Smart Network Control in Water Distribution Systems
Our work will advance smart network controls for water network to incorporate the identify energy recovery locations and optimise energy performance through the installation of MHP turbines with a dual pressure and energy production function. This work will also consider pump storage within water networks, including sizing and locating these storage systems.
From a control perspective, managing large scale water networks is particularly challenging. The complexity of network optimisation is due to several factors: (i) the high level of interconnectivity in a system, (ii) diverse performance criteria and stringent operational constraints, (iii) social and legislative factors, and (iv) consumer behaviour. Different approaches will be explored, for example model predictive control (MPC) has the ability of minimizing the cost associated with water treatment and pumping. Water demand models are important for forecasting water consumption patterns or trends for the network control system. Therefore, we will develop an innovative multi-scale control algorithm in the MPC framework for efficient management, as well as develop and demonstrate multiscale controllers in the framework of MPC software to enable improved energy and cost performance of water networks in Ireland and Wales.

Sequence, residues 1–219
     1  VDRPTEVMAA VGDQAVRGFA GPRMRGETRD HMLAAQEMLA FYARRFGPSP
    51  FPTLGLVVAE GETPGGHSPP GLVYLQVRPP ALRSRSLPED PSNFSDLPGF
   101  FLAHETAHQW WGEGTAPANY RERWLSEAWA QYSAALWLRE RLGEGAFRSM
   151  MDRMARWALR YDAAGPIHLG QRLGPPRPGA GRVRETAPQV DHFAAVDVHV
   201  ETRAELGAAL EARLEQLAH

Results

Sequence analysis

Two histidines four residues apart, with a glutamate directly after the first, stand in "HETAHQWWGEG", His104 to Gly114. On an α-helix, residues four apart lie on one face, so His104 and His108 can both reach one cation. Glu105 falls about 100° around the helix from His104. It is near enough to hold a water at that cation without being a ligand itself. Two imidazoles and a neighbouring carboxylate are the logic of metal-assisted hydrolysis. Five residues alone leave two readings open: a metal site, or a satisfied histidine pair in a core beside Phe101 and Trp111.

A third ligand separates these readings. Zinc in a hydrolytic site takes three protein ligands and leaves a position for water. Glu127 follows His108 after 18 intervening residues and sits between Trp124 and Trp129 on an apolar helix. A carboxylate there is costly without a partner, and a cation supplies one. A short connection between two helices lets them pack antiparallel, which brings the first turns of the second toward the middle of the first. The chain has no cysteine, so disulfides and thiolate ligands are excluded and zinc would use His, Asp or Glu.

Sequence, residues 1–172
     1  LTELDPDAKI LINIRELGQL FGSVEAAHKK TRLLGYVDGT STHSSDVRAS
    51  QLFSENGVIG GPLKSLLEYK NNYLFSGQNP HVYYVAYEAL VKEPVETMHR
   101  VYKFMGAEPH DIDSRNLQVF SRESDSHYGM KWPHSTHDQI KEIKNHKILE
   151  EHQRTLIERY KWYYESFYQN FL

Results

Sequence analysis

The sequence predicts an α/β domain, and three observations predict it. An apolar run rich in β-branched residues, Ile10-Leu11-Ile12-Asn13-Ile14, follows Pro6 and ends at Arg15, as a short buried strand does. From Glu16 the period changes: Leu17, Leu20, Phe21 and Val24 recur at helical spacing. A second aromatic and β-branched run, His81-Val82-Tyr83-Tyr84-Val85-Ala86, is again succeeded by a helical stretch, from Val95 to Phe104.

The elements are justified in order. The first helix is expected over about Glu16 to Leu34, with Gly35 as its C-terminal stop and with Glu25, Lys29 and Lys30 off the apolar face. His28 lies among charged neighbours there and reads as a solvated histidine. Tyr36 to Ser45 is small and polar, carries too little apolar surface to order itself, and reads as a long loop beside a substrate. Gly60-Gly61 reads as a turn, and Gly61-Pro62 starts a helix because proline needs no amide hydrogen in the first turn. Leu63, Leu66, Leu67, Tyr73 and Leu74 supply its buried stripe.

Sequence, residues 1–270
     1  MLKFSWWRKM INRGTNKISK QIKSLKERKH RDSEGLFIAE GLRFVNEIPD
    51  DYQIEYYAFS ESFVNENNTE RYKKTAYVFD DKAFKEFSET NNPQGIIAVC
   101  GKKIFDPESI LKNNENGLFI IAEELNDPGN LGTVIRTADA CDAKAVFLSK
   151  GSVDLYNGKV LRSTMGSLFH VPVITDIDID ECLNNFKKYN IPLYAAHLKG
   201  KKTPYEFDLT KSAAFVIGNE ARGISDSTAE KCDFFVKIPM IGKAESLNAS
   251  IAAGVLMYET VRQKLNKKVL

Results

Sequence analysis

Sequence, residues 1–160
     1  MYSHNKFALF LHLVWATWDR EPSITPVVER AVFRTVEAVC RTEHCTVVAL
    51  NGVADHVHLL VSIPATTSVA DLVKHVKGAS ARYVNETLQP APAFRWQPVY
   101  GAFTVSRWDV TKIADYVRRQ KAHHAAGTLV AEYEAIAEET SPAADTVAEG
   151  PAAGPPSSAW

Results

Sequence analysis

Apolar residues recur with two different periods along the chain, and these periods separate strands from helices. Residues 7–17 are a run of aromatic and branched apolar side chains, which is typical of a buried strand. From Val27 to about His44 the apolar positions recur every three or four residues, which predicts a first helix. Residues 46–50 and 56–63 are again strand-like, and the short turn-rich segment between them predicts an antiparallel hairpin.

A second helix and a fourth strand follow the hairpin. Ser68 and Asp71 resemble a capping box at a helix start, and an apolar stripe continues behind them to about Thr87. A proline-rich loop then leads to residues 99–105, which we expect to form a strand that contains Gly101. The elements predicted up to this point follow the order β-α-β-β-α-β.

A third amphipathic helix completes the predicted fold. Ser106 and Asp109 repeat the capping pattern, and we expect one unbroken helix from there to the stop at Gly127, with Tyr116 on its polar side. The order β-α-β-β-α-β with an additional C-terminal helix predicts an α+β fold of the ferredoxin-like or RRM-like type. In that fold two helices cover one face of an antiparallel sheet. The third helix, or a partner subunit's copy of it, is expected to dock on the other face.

Our research team in Dublin focus on developing software solutions for the control of water distribution networks using MPC, as an initial step we aimed in small water network in Ireland and developed a control strategy using linear model predictive control to reduce pumping cost. It was concluded that there exists significant cost reduction to the pumping cost by reducing the pump speed while adhering to the demand of the network. This work was presented in 17th International Computing and Control Conference in Exeter, United Kingdom as a poster presentation. The conference was held from 1st of September to the 4th of September.
We will explore hardware solutions for smart control system of water networks. This will help us optimise energy recovery by providing detail of energy consumption and CO2 emissions. By assessing existing network infrastructure, it will allow us to develop new costed control strategies for hardware components to reduce environmental impacts. This will help improve the efficiency of water pump variable speed and variable frequency drives, and control devices. In addition, it will allow for the incorporation of micro-hydropower and distributed pumped storage tanks in the network.